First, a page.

colleges, as Saudi Arabia did, but that doesn’t mean the degrees will
count for much or that jobs will await the graduates.
Chávez was betting, almost literally, that an oil company would
succeed where government ministries might not. PDVSA went from
one extreme—disassociated from the government it was supposed to
serve—to the opposite extreme of taking over the government’s duties.
I knew that villagers in the Niger Delta would be delighted if Shell or
its government-owned partner would provide the education, electricity,
medical care and jobs that the negligent and corrupt government
did not offer. But it was hard to imagine how oilmen might do better
development work than a government’s development experts. Oil companies
should certainly provide funding and support to official efforts,
as well as fight corruption and waste. But replacing a government
seemed a doomed concept. As Toro-Hardy said in his exasperated way,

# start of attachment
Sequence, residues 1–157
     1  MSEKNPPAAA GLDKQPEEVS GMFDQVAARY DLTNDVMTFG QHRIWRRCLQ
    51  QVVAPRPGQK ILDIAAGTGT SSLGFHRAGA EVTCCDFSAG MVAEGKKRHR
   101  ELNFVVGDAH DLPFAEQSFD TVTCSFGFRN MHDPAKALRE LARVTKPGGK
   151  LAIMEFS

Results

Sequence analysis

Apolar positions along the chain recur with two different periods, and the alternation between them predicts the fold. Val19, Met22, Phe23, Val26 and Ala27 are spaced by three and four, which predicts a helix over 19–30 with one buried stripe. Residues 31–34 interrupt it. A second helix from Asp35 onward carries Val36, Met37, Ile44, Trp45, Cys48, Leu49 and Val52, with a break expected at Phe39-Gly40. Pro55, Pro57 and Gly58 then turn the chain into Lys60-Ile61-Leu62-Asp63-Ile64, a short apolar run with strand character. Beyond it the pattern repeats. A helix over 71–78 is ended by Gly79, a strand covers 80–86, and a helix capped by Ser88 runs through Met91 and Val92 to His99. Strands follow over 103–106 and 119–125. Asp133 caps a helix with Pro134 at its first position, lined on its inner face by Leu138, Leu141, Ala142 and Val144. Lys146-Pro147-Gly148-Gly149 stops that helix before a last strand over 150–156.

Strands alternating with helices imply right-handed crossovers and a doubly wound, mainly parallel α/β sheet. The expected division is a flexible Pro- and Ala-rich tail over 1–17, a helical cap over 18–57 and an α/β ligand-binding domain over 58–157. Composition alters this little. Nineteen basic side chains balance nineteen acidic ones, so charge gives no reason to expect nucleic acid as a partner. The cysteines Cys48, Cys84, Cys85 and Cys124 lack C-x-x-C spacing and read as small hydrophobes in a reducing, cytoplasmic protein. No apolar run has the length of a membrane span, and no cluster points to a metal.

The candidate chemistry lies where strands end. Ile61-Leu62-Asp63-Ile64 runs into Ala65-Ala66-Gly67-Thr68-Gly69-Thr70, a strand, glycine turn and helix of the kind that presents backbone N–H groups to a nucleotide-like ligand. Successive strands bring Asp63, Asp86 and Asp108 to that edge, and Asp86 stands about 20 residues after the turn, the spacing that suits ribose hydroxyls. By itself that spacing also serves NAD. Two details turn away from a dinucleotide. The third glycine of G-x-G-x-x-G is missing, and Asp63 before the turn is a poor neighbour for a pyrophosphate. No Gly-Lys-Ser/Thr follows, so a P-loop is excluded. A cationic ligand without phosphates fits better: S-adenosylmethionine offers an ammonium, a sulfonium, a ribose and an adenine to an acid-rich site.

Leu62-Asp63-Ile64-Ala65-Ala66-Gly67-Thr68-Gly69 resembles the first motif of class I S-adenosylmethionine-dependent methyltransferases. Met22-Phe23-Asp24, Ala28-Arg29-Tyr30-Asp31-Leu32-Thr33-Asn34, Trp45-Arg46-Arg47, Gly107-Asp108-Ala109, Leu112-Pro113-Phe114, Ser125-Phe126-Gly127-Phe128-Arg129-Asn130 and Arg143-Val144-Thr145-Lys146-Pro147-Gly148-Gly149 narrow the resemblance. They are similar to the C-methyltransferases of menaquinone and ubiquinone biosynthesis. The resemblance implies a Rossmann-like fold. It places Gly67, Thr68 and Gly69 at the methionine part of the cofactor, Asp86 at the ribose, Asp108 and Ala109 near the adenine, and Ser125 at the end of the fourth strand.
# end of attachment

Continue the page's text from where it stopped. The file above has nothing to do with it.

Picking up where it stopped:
“Oil companies should do more, but they should not change their mission.
Now, instead of investing in its own projects, PDVSA is investing
in housing and social programs. This is very nice, but it’s not for an oil
company.”
In Venezuela, it was as though a well-meaning doctor was using the
wrong instruments and wrong procedures to operate on a sick patient.
Even during the boom years, signs of failure were ample—price controls
on foodstuffs were leading to shortages, and the government was
spending so much on subsidies that it was running into deficit problems,
which is a striking achievement when large amounts of revenues
are being received from oil sales. Chávez’s policies, intended to break
the resource curse, seemed likely to prolong it. “I am not defending the
previous governments,” Toro-Hardy said as he walked me out of his
private sanctuary. “They did an awful job. But giving away money is
not going to solve people’s problems. We have a saying here: ‘Bread for
today and hunger for tomorrow.’”
When oil prices slid back to the double digits, Chávez’s popularity
began to slide, too. He didn’t have as much money to throw at the
country’s problems. An opposition candidate even won election as
mayor of Caracas in 2008. Magic shows can obscure reality but cannot
make it disappear.

Copyright Peter Maass